The apostle Paul faced an uncertain future. He was arrested for preaching the gospel, but as a Roman citizen, he had the right to appeal to Caesar. As a result, Paul was living under house arrest, awaiting an appearance before the leader of Rome.
Paul didn’t know whether his appeal would bring about his acquittal or his beheading. But instead of worrying and complaining, he was rejoicing and living in great peace.
Writing to the believers in Philippi, he said, “Rejoice in the Lord always. Again I will say, rejoice! . . . Be anxious for nothing, but in everything by prayer and supplication, with thanksgiving, let your requests be made known to God; and the peace of God, which surpasses all understanding, will guard your hearts and minds through Christ Jesus. (4:4, 6–7 NKJV).
Rejoicing is a scriptural command, not a suggestion. To fail to rejoice is actual disobedience to God. But notice that Paul said, “Rejoice in the Lord,” not rejoice in your circumstances.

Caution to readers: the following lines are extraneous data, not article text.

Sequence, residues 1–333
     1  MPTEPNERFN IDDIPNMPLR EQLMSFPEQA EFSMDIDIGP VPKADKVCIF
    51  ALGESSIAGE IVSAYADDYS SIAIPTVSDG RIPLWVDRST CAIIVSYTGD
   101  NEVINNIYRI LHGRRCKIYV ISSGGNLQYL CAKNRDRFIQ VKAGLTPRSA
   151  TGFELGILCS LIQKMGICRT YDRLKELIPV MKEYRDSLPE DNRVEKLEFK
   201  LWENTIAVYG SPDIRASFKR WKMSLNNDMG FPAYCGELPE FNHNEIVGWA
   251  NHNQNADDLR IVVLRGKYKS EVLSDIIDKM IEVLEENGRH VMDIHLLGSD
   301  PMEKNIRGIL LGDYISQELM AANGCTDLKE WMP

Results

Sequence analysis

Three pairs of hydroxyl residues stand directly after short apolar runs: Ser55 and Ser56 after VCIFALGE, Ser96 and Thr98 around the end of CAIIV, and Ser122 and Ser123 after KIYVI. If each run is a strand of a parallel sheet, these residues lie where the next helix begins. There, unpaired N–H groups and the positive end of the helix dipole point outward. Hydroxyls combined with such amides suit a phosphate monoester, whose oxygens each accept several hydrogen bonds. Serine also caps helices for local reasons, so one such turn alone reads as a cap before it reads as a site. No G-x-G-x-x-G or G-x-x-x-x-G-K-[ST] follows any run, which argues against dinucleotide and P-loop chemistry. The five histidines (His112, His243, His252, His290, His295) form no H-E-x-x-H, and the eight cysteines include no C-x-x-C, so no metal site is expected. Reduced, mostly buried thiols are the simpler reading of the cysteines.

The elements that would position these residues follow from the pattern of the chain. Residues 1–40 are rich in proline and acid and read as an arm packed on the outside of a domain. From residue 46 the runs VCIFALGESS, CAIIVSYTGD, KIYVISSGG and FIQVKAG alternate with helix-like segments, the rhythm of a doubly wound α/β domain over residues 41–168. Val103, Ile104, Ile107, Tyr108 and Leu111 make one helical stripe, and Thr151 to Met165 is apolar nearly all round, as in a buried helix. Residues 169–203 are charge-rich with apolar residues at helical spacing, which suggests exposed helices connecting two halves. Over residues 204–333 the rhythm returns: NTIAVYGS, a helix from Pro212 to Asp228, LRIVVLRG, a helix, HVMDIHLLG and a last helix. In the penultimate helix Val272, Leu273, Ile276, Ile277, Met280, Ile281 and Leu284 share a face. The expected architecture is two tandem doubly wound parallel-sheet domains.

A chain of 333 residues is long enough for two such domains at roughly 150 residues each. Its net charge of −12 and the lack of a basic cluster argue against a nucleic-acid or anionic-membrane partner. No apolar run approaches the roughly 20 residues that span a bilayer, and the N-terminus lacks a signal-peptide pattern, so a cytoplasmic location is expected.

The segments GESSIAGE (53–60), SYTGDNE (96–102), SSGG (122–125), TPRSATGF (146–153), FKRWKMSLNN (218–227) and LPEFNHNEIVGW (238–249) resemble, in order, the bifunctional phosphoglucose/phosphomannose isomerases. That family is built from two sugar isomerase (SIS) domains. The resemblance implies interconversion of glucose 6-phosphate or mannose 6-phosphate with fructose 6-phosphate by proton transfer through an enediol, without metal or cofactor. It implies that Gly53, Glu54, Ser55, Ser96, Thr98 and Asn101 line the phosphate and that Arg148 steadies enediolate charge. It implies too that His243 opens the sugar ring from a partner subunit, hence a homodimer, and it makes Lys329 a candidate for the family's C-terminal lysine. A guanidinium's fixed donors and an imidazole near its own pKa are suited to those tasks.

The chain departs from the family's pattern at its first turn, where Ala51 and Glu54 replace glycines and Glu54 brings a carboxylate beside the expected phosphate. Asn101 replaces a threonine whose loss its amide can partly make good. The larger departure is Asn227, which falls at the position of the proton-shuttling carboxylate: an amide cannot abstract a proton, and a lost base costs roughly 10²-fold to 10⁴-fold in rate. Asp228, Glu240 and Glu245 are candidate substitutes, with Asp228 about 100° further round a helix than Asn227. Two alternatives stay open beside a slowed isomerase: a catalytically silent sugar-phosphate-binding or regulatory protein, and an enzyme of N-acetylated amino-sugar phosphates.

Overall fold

Some Christians think that whatever happens, they should rejoice in it. No, we should rejoice in the fact that God is still on the throne and still loves us. We should rejoice in the fact that, according to Romans 8:28, “God causes everything to work together for the good of those who love God and are called according to his purpose for them” (NLT).
When we worry, it’s a failure on our part to trust God. Jesus said, “So don’t worry about tomorrow, for tomorrow will bring its own worries. Today’s trouble is enough for today” (Matthew 6:34 NLT).
The word worry comes from a term that means “to choke.” And that’s what worry does. It creates mental and emotional strangulation in your life. Worry actually makes things worse, because when you worry about the future, you cripple yourself in the present.